It is odd, then, that some piano teaching colleagues seem to avoid classical music, unless and until it is specifically requested by a student or otherwise required. Why is this?
Continue reading Do you believe in classical music?
Sheet Music Review
One of the most exciting developments during the span of my piano career has been the huge increase in adults taking up lessons.
There are no doubt many reasons for this; many regret not learning when they were younger, while for others, taking up piano as an adult is the next chapter in their growing musical interest.
Whatever the reason for starting lessons, the last thing most adults want is to be presented with Jimmy Timpson’s First Piano Lessons for Tiny Tots, or a minor variation with the word “adult” cannily stamped on the front cover.
In this feature, I will showcase seven of the very best adult methods available for those starting lessons in 2019.
But first, let’s consider what a really good adult method might look like…
Continue reading Which Adult Piano Method 2019?
The other morning, while enjoying my first cup of tea for the day, our puppy Bella Bardóg decided to keep nudging me for attention, distracting me from reading the book in my hands. I rather thoughtlessly responded with,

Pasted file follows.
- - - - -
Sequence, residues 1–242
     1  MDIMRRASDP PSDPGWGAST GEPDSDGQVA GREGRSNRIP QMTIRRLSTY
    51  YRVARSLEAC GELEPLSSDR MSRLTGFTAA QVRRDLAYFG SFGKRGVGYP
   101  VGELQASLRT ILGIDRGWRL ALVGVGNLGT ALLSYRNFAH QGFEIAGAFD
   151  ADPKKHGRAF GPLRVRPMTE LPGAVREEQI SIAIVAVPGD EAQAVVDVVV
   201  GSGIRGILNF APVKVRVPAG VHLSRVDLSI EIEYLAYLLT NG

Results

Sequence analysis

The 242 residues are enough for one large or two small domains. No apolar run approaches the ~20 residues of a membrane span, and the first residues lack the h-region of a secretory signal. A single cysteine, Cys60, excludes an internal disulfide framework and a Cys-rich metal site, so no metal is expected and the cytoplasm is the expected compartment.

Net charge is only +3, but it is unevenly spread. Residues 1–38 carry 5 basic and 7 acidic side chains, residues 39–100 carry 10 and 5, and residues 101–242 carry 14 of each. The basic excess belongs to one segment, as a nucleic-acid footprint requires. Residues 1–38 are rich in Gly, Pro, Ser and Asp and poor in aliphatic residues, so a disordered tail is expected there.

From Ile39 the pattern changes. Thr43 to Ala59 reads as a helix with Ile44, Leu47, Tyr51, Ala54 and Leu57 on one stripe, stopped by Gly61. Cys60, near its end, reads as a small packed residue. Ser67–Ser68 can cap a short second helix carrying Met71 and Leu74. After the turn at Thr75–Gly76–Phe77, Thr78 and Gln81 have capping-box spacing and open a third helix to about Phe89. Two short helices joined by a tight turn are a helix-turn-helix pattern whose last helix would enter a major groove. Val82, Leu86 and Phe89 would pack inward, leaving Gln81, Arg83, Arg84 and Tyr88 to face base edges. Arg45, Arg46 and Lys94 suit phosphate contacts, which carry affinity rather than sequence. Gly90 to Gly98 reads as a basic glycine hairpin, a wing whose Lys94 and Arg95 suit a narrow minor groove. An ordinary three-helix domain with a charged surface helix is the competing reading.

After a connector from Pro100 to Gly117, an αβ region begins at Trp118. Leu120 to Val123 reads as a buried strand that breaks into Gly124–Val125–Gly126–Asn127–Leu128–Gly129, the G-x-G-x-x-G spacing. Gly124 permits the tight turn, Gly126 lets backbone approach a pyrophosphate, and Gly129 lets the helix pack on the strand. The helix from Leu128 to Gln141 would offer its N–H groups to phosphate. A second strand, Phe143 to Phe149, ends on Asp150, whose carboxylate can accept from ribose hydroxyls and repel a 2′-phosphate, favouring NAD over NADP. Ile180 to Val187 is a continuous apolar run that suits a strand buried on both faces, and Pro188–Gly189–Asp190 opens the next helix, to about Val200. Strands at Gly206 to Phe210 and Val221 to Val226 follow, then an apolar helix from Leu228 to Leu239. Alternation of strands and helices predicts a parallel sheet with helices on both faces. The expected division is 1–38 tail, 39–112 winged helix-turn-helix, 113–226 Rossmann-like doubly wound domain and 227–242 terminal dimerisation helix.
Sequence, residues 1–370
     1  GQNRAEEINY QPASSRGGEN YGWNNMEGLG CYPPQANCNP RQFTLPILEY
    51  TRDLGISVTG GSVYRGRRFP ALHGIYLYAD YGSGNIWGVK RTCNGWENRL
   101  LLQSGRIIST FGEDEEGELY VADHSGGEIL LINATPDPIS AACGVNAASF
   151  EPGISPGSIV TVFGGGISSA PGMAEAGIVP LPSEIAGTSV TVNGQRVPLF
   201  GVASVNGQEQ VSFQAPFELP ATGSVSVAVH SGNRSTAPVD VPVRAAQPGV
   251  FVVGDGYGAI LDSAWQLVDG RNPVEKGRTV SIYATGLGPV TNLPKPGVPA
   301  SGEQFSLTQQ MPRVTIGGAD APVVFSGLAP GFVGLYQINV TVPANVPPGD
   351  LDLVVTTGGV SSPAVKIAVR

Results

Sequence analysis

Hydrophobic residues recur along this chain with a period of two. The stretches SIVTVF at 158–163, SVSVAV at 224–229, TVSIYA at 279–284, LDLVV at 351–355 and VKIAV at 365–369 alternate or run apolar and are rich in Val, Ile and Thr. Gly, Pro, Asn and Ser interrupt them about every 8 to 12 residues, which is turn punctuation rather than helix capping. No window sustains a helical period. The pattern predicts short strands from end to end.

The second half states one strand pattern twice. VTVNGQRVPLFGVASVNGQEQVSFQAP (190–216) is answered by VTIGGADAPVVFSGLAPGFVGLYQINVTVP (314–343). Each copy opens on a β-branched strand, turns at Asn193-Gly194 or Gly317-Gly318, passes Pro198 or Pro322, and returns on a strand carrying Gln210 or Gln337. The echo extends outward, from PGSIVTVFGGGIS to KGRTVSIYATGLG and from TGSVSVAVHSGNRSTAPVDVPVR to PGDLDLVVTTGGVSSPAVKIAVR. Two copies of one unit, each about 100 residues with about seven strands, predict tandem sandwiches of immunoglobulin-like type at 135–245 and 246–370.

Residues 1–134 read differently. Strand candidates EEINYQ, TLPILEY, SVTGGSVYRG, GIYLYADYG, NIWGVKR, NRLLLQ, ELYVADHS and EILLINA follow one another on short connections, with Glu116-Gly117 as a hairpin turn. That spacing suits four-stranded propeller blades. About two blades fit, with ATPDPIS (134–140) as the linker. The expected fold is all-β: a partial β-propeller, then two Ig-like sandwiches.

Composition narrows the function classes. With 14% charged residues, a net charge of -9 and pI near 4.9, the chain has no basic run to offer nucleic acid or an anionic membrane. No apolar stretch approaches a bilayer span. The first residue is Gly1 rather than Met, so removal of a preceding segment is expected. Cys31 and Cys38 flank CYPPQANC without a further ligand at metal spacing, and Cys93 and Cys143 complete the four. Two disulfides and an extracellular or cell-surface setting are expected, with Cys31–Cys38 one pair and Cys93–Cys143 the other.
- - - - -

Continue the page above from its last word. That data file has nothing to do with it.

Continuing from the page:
“If you want the book, how about you read it to me?”
Bella looked somewhat forlorn, and my wife Louise chipped in with,
“Don’t humiliate her! You know she can’t read!”
This slightly daft domestic anecdote illustrates a hugely important truth: when we ask somebody, anybody, to do something we know they are incapable of, we humiliate them.
How often, perhaps inadvertently, do we do this to our students?
As well as an aspiring dog-whisperer, Louise is a clinical specialist in child and adolescent mental health, and it is only fitting to credit her for many of the thoughts which follow, emerging as they did from our discussion that morning…
Continue reading The Piano Student’s Humiliation
Guest Post by Karen Marshall
A Student Perspective
Have you ever asked your student what makes a good instrumental lesson?
A number of years ago I did just that in a secondary school. There was a whole class full of students of different ages, learning different instruments with a variety of teachers.
Their feedback was enlightening. Here are the main themes, the messages I believe are still valuable.
Whilst revising this, from a personal perspective, it was a useful reminder to ask and listen more to the needs of my students and to think more creatively – especially when teaching sight reading and scales.
So, what did they say …
Continue reading What Makes a Good Lesson?
When I started teaching a quarter of a century ago, the bulk of my students were children. They and I depended on their parents for payment and support, which sometimes also meant direction. And the crucial (if at times complex) triangle relationship between teacher, pupil and parent was a fundamental in almost every private lesson context.
Today the world has changed considerably, and one of the many differences for teachers is that the network of relationships around the private lesson context has become a far more complex and diverse one.
Continue reading Parents, Partners & Supporters